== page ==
Pirates, Spies and Dark Nights of the Soul: Entering the Wacky World of Early American Studies

A few years ago, a graduate student told me, "I'm changing fields. I'm switching to the wacky world of Early American Studies."

A few weeks earlier, I had sent her to the microfilm rooms in the University of Minnesota's library with assignments she could complete only by plunging into documents she found there in the two Early American Imprints microfiche series. Commonly called "Evans" or "Shaw-Shoemaker" after the authors of the authoritative bibliographies on which the series were created, they include more than 70,000 items—all extant material printed in the colonies and early republic from 1639 to 1819.

After many hours peering at those curious old documents and their funny typefaces, she surfaced and announced that, despite expecting a wasteland of dry and stupefyingly boring texts, she had discovered in the microfiche a nearly unexplored world of writing that she called wacky but nevertheless found oddly wonderful. Her phrase recalls a famous article about student reaction to early American studies that Daniel Williams published in "Early American Literature": "Not enough Rambo Action."

I find that if I can get students into the actual early documents, they discover that it's all Rambo Action: pirates, soldiers, spies, kings, queens, revolutions, dark nights of the soul, invasions, war and peace, politics, captures and escapes and what we too casually would call religious fanatics. I could have told her so beforehand, but she probably wouldn't have believed me.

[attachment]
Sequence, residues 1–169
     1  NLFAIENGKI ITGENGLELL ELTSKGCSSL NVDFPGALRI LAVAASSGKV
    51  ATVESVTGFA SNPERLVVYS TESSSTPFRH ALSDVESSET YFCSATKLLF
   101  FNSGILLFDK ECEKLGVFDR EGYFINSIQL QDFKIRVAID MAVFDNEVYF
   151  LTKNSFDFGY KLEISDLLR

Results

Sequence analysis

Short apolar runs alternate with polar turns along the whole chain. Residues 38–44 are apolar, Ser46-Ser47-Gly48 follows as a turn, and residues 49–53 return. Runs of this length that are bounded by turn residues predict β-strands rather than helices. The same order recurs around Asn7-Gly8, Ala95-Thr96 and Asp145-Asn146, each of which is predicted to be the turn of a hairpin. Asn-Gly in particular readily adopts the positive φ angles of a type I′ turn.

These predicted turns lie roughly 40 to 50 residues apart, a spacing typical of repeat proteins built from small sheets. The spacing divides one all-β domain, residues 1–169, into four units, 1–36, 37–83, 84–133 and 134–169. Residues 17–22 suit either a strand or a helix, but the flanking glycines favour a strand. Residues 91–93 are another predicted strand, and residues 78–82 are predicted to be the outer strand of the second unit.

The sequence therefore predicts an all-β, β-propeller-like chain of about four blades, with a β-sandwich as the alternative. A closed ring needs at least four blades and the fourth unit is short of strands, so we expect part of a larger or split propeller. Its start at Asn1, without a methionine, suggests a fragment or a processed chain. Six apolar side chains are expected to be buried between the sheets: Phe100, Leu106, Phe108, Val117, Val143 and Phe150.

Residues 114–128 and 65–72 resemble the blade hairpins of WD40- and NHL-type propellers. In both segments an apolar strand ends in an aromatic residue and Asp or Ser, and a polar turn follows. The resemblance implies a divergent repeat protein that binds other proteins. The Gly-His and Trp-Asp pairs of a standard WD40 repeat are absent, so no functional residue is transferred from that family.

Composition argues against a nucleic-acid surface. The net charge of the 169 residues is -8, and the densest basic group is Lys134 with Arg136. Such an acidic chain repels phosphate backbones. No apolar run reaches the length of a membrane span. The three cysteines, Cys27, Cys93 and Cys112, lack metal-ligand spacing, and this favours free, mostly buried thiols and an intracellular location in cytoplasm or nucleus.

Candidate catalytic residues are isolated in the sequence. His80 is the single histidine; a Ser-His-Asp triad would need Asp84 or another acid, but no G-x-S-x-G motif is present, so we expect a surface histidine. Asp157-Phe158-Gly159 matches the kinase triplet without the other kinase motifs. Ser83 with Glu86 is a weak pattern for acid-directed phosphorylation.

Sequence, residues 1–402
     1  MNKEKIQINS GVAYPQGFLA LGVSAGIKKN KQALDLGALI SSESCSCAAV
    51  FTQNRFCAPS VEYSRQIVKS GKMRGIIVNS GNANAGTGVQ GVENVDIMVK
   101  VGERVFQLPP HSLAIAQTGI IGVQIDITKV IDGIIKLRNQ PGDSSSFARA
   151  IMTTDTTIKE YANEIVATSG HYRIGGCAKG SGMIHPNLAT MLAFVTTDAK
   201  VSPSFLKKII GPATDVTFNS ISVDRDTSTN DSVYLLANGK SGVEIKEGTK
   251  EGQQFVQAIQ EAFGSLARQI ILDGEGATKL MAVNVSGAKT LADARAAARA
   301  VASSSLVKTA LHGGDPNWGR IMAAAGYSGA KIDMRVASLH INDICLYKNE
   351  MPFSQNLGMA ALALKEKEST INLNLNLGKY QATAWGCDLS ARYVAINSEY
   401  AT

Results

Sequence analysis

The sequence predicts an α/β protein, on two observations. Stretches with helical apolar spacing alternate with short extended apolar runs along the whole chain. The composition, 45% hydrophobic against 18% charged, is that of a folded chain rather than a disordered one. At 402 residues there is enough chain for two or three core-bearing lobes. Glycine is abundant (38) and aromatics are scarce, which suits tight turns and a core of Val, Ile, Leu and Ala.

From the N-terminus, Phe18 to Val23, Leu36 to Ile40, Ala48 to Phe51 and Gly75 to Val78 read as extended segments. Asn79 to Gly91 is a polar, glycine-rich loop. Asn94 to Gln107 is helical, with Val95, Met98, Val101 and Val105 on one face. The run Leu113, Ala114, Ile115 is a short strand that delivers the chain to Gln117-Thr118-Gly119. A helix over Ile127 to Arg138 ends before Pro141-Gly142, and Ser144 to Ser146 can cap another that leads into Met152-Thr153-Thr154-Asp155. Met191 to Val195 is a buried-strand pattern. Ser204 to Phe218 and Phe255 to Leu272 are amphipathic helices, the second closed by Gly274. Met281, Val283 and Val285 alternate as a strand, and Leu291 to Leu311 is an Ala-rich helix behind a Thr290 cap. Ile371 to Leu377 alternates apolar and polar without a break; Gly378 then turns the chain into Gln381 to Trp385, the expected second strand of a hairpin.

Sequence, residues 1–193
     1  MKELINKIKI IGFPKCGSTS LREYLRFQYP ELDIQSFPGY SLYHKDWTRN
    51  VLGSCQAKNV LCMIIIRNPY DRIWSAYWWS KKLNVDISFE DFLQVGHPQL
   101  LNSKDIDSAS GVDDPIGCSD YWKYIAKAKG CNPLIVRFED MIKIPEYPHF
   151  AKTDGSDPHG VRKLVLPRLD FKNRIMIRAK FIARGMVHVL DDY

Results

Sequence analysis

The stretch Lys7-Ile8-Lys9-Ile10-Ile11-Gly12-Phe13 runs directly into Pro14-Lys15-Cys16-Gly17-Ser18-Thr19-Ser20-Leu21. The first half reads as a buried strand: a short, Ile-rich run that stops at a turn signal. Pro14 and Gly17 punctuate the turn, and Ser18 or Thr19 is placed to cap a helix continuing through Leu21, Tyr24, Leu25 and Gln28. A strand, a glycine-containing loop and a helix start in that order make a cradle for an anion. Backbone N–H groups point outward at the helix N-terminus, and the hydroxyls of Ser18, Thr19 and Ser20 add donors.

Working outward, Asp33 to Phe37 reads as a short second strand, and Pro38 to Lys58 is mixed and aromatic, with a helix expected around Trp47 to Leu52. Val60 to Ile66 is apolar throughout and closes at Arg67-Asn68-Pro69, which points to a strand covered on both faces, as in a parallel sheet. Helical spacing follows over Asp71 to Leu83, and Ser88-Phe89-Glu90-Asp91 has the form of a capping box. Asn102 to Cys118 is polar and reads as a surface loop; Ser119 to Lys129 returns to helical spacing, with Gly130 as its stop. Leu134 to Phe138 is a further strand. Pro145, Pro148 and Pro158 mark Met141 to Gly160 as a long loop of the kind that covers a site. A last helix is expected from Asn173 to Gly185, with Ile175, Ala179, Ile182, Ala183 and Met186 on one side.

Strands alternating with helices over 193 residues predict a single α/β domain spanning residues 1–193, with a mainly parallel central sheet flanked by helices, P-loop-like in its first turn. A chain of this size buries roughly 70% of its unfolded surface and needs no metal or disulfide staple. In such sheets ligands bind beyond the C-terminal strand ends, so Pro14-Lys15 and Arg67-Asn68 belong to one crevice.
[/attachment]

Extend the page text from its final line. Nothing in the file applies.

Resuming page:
Pirates, Spies and Dark Nights of the Soul: Entering the Wacky World of Early American Studies


From Mascot to Militant: The Many Campaigns of Seba Smith's "Major Jack Downing"

Readers of the Washington, D.C. newspaper The Daily National Intelligencer witnessed a strange and disturbing transformation in 1847, when the nation’s most popular literary character freely admitted that he had become a greedy, cynical killer. Soon enough this beloved American hero, whose name was synonymous with Yankee Doodle, would threaten to stage a military coup to seize the Capitol and overthrow Congress! Readers of the Early American Newspapers archive can follow along, gleaning important hints to decoding contemporary political rhetoric.


Major Jack Downing.
(Portrait credit: Library of Congress Prints
and Photographs Division)

The Intelligencer, formerly a nonpartisan legislative record, became the flagship of the Whig Party when it split from Andrew Jackson’s Democrats in the early 1830s. But it was during the second year of the war between the United States and Mexico that the newspaper would green-light one of the most audacious political satires in U.S. history. If you imagine a sequel to Forrest Gump in which the benign protagonist masterminds the torture of the Abu Ghraib detainees, you might gather some sense of the controversy produced by the corruption of Seba Smith’s iconic everyman, Major Jack Downing.


Seba Smith (1792-1868).
American humorist and writer.

From Mascot to Militant: The Many Campaigns of Seba Smith's


Supplementing Early American Imprints: The Extraordinary Collection of Michael Zinman